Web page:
Fourth Sunday of Lent | Readings: 1 Samuel 16:1b, 6–7, 10–13a; Ephesians 5:8–14; John 9:1–41
As the High Holy Days draw near, this Sunday of the “Second Scrutiny” of the catechumens revolved entirely around the theme of light and seeing things truthfully. This problem is at the heart of what almost all ancients saw as the “tragic sense of life.” Our lack of self-knowledge and our lack of wisdom make humans do very stupid and self-destructive things. Because humans cannot see their own truth very well, they do not read reality very well either. We all have our tragic flaws and blind spots. Humans always need more “light” or enlightenment about themselves and about the endless mystery of God.
In the First Reading we have the prophet Samuel able to see what even David’s father, Jesse, cannot see—that this youngest son of less lofty stature, forgotten out in the fields, is the chosen one. “Humans see only appearances, but God sees the heart,” Samuel says. In the Second Reading from Ephesians, we have the text encouraging us to do our own “shadow work,” and to bring our self-deceptions into the light. The catechumens were being encouraged to do a “fearless moral inventory,” as the recovery movement would say today. Somewhere we must bring our shames and our denials into the light, or they kill us from within.
Finally, the great theater-piece Gospel is about a man born blind. Some think it was actually enacted in the sanctuary, with so many clear roles, interacting characters, and dramatic lines. We can only touch upon the surface here, but enough to point you beneath the surface, I hope. Let me list in quick succession the major themes so you cannot miss them:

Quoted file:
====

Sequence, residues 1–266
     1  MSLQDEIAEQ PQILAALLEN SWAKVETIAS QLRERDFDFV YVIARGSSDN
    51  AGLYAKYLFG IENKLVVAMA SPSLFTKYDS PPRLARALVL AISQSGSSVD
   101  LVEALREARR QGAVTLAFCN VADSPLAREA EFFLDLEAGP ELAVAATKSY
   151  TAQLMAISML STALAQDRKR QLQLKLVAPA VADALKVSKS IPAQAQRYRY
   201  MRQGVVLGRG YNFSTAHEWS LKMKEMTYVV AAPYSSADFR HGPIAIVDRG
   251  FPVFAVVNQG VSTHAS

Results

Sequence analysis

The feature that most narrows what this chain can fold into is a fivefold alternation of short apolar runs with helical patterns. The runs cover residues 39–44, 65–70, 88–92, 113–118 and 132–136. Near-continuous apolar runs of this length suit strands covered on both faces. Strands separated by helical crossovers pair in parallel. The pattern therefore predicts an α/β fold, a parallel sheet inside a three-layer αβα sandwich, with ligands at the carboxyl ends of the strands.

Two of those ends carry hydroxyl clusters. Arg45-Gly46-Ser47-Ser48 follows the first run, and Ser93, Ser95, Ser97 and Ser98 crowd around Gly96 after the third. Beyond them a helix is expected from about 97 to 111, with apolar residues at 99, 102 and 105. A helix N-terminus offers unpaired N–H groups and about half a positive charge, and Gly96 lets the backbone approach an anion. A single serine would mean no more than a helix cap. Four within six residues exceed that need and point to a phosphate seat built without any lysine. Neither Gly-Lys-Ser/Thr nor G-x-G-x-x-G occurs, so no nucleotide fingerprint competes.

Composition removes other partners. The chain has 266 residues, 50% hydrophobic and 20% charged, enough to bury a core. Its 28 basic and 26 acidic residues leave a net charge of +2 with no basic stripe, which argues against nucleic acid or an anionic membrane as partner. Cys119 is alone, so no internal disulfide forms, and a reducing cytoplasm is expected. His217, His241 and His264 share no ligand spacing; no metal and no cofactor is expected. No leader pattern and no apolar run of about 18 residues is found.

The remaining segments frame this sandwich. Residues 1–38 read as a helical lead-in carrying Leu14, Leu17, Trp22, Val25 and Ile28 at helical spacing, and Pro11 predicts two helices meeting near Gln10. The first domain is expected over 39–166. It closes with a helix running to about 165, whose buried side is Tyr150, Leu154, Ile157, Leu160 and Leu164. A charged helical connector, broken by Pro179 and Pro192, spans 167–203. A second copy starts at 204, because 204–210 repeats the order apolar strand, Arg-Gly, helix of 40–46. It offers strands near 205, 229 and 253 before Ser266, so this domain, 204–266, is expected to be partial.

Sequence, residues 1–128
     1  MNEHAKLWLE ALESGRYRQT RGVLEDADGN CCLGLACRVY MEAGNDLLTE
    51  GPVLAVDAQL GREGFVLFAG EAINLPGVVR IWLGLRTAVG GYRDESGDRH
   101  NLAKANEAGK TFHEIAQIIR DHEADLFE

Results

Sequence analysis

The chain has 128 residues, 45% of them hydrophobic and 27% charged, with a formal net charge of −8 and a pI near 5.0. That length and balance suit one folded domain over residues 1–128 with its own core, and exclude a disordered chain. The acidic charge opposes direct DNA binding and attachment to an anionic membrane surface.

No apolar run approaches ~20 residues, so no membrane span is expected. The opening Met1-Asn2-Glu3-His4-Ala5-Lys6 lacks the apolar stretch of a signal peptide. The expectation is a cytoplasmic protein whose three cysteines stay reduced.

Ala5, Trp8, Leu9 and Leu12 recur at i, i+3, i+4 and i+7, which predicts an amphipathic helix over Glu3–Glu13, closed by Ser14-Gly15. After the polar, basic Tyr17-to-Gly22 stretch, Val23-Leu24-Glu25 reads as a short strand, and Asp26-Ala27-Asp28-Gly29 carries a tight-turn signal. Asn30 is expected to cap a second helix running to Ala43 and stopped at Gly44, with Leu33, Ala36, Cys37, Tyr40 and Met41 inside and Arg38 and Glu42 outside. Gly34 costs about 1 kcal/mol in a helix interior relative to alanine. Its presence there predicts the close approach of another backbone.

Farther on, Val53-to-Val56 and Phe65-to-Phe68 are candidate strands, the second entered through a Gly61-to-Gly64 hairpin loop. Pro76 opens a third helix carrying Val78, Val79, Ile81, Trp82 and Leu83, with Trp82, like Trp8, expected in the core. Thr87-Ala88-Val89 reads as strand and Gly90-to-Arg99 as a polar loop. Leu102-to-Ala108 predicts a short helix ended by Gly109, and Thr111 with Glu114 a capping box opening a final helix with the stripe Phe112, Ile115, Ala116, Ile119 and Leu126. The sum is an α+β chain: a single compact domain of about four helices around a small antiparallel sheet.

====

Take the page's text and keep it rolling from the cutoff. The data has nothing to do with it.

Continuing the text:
The “man born blind” is the archetype for all of us at the beginning of life’s journey.
The moral blame game as to why or who caused human suffering is a waste of time.
The man does not even ask to be healed. It is just offered and given.
Religious authorities are often more concerned about control and correct theology than actually healing people. They are presented as narrow and unloving people throughout the story.
Many people have their spiritual conclusions before the facts in front of them. He is a predefined “sinner” and has no credibility for them.
Belief in and love of Jesus come after the fact, subsequent to the healing. Perfect faith or motivation is not always a prerequisite for God’s action. Sometimes God does things for God’s own purposes.
Spirituality is about seeing. Sin is about blindness, or as Saint Gregory of Nyssa will say, “Sin is always a refusal to grow.”
The one who knows little, learns much (what we call “beginner’s mind”) and those who have all their answers already, learn nothing.
“I do not know whether [Jesus] is a sinner or not, I only know this much, I was once blind, and now I see.” —John 9:25
“I came into the world to divide it, to make the sightless see and to reveal to those who think they see it all that they are blind.”—John 9:39
“God of all Light and Truth, just make sure that I am not a blind man or woman. Keep me humble and honest, and that will be more than enough work for you.”